US inflation still stubbornly high despite August slowdown
WASHINGTON (AP) — Lower gas costs slowed U.S. inflation for a second straight month in August, but most other prices across the economy kept rising — evidence that inflation remains a heavy burden for American households. Consumer prices rose 8.3% from a year earlier and 0.1% from July. But the jump in “core” prices, which exclude volatile food and energy costs, was especially worrisome. It outpaced expectations and ignited fear that the Federal Reserve will boost interest rates more aggressively and raise the risk of a recession. Fueled by high rents, medical care and new cars, core prices leaped 6.3% for the year ending in August and 0.6% from July to August, the government said Tuesday.
Twitter whistleblower cites security flaws before Congress
WASHINGTON (AP) — A former security chief at Twitter told Congress that the social media platform is plagued by weak cyber defenses that make it vulnerable to exploitation by “teenagers, thieves and spies” and put the privacy of its users at risk. Peiter “Mudge” Zatko, a respected cybersecurity expert, appeared before the Senate Judiciary Committee to lay out his allegations Tuesday. “I am here today because Twitter leadership is misleading the public, lawmakers, regulators and even its own board of directors,” Zatko said as he began his sworn testimony. Zatko was the head of security for the influential platform until he was fired early this year.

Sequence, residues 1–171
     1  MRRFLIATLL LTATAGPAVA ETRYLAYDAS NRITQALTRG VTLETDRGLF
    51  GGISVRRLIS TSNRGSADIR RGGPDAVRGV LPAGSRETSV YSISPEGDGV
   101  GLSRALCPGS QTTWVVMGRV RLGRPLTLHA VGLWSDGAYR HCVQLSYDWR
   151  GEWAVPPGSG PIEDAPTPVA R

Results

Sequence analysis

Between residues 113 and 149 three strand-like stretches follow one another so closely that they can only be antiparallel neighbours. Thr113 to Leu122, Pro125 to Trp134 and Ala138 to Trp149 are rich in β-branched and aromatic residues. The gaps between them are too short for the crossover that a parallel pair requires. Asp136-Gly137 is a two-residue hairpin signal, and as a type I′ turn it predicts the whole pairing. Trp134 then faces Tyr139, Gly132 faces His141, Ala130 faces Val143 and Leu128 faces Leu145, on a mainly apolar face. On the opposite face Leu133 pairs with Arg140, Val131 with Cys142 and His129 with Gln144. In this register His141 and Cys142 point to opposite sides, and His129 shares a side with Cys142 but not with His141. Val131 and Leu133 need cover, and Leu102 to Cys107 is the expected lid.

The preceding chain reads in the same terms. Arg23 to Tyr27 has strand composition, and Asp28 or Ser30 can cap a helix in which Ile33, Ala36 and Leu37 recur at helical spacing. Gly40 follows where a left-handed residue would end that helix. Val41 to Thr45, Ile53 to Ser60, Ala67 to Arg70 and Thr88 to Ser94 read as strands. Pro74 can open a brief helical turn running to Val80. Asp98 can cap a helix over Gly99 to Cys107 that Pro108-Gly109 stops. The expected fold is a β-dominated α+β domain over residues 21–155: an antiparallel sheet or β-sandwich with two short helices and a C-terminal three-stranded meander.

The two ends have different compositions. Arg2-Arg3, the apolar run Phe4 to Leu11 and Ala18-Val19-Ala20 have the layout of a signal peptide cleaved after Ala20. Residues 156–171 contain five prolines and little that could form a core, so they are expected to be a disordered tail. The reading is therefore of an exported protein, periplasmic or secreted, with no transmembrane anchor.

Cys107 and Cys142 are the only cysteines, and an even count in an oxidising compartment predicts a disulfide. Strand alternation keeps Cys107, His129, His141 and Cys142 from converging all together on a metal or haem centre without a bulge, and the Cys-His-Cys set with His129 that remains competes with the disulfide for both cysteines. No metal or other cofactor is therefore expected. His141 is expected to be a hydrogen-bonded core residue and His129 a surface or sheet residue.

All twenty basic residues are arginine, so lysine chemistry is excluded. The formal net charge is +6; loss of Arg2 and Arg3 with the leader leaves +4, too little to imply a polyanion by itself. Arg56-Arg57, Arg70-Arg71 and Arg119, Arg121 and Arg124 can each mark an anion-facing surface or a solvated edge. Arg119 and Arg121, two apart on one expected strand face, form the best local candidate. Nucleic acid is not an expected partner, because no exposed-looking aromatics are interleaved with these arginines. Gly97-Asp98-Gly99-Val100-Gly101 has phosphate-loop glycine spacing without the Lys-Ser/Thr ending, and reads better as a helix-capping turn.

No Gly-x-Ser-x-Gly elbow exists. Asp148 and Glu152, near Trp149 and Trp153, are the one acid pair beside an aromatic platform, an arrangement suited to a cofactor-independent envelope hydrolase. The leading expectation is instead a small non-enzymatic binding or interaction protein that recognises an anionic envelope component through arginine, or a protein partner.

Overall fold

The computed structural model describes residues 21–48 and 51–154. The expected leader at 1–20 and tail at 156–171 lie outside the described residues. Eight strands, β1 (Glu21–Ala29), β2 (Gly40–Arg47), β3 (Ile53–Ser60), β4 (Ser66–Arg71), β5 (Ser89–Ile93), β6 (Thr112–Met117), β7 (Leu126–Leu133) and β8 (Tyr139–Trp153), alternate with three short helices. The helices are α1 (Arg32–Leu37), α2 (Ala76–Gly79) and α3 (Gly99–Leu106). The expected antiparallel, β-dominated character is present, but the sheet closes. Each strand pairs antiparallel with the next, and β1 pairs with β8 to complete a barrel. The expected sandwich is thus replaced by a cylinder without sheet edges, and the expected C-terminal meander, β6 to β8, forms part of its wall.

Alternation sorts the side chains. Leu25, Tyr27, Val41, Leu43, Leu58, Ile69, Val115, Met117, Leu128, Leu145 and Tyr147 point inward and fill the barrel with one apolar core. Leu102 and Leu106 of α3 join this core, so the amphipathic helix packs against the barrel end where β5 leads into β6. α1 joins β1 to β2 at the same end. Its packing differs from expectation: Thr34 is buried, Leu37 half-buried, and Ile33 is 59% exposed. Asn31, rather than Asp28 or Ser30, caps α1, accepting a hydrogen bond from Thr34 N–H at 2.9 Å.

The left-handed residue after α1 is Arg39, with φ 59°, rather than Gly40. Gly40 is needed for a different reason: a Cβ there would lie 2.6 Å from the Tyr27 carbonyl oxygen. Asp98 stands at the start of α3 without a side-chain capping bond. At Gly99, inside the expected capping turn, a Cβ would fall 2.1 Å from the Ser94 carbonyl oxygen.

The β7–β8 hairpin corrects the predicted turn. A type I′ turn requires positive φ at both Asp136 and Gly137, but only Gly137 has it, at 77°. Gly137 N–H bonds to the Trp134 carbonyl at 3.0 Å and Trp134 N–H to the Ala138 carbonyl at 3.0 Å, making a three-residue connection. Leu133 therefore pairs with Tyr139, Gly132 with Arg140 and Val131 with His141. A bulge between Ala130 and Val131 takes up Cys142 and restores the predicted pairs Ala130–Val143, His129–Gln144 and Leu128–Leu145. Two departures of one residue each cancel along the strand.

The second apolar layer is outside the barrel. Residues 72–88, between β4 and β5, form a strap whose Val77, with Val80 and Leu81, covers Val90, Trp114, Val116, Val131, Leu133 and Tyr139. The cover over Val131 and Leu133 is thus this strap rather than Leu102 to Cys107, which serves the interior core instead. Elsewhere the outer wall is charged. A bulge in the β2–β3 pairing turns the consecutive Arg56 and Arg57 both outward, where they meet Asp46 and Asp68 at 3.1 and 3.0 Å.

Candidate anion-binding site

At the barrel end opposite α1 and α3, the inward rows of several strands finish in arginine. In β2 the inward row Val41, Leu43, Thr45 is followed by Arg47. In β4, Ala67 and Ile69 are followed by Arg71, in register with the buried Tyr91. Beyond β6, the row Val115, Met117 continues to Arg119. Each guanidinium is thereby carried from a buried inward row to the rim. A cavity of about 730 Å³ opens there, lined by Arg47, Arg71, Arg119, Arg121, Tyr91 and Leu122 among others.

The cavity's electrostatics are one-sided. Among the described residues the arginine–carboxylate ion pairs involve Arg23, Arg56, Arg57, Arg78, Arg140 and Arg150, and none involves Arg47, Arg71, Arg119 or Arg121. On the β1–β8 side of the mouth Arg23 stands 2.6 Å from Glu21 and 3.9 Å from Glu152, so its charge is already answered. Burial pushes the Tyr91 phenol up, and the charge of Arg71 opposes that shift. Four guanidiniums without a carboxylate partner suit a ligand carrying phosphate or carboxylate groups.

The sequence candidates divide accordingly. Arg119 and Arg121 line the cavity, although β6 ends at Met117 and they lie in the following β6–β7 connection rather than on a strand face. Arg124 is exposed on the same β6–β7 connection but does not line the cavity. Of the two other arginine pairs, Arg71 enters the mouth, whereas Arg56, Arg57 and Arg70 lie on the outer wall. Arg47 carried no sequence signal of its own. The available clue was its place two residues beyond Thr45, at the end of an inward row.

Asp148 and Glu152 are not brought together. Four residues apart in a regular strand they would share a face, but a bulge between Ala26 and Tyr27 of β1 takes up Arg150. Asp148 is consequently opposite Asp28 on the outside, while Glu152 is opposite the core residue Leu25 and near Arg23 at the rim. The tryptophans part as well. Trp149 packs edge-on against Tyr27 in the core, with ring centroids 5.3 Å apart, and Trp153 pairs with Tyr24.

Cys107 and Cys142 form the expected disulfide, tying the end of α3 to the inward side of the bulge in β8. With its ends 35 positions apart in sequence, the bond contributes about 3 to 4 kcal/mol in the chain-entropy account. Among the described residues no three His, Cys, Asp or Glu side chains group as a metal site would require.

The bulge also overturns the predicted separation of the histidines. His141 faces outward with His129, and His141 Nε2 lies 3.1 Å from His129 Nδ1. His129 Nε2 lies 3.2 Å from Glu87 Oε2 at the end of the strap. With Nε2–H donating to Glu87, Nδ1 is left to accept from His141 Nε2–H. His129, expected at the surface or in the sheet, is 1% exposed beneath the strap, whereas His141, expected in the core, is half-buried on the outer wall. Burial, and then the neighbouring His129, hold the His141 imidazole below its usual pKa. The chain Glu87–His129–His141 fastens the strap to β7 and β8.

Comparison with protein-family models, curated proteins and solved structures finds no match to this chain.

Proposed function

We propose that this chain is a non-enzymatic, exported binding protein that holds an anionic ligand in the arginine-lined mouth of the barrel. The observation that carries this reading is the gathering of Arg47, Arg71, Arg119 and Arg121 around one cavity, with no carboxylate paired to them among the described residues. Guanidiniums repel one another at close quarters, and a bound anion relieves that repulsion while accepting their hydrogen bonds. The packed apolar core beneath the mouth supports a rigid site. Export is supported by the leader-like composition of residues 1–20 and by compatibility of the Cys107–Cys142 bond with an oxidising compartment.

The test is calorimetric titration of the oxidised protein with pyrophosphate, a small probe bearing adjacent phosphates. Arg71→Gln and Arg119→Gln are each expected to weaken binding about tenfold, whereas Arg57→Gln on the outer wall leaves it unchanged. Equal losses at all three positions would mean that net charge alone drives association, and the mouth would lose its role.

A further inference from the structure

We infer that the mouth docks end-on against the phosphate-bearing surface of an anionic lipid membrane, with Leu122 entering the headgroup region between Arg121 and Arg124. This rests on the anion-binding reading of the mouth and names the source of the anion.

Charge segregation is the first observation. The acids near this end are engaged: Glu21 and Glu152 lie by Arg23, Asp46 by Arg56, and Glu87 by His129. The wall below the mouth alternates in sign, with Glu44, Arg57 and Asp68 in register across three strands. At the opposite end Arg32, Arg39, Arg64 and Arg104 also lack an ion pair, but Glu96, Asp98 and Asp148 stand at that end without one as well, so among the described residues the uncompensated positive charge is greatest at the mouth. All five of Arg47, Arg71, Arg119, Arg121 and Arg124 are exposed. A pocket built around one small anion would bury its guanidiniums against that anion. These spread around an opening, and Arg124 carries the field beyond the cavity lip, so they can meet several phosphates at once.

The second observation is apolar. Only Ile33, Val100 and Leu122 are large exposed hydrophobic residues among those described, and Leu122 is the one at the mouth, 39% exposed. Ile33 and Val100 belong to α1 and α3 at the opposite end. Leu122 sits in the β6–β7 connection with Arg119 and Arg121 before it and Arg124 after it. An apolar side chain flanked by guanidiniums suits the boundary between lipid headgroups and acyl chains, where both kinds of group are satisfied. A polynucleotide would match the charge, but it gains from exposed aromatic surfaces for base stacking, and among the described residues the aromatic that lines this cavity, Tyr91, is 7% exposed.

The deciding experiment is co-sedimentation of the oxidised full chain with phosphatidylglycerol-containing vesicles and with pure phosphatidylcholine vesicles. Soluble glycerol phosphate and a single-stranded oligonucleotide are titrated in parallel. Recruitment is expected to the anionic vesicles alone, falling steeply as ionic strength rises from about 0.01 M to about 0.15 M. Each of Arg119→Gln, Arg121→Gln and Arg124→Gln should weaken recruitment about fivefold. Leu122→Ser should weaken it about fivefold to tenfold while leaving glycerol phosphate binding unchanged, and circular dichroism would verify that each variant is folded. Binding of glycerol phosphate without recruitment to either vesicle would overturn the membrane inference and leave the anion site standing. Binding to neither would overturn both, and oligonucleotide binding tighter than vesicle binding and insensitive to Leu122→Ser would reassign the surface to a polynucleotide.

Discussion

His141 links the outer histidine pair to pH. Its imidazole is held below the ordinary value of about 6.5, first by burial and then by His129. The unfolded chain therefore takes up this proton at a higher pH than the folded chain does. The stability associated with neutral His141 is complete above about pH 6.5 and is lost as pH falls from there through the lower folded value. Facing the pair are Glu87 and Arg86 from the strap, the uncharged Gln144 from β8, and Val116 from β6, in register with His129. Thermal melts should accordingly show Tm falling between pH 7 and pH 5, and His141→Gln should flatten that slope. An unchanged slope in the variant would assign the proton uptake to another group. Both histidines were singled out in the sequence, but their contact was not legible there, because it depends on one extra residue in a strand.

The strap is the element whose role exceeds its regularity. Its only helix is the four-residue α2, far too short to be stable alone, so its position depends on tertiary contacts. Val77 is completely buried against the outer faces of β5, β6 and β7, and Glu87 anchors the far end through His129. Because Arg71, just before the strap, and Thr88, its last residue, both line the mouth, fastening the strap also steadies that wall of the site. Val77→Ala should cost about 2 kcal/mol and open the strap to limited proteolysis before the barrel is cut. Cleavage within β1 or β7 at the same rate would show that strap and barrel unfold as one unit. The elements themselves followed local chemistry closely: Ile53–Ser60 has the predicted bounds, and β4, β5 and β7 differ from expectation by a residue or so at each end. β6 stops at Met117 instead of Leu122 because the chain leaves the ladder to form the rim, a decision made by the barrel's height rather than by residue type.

Stocks tumble on dashed inflation hopes; S&P 500 loses 3%
NEW YORK (AP) — Stocks are tumbling, and disappointment is smacking markets worldwide, following Wall Street’s sudden realization that inflation isn’t slowing as much as hoped. The S&P 500 sank about 3% in afternoon trading on Tuesday, threatening to snap a four-day winning streak. Bond prices also fell sharply after a report showed inflation decelerated by less in August than economists had forecast. The hotter-than-expected reading has traders bracing for the Federal Reserve to ultimately raise rates higher than expected to combat inflation, with all the risks for the economy that entails. Investors are building up bets for bigger rate hikes from teh Fed next week and into next year.
A piece of the queen: New souvenirs mark monarch’s death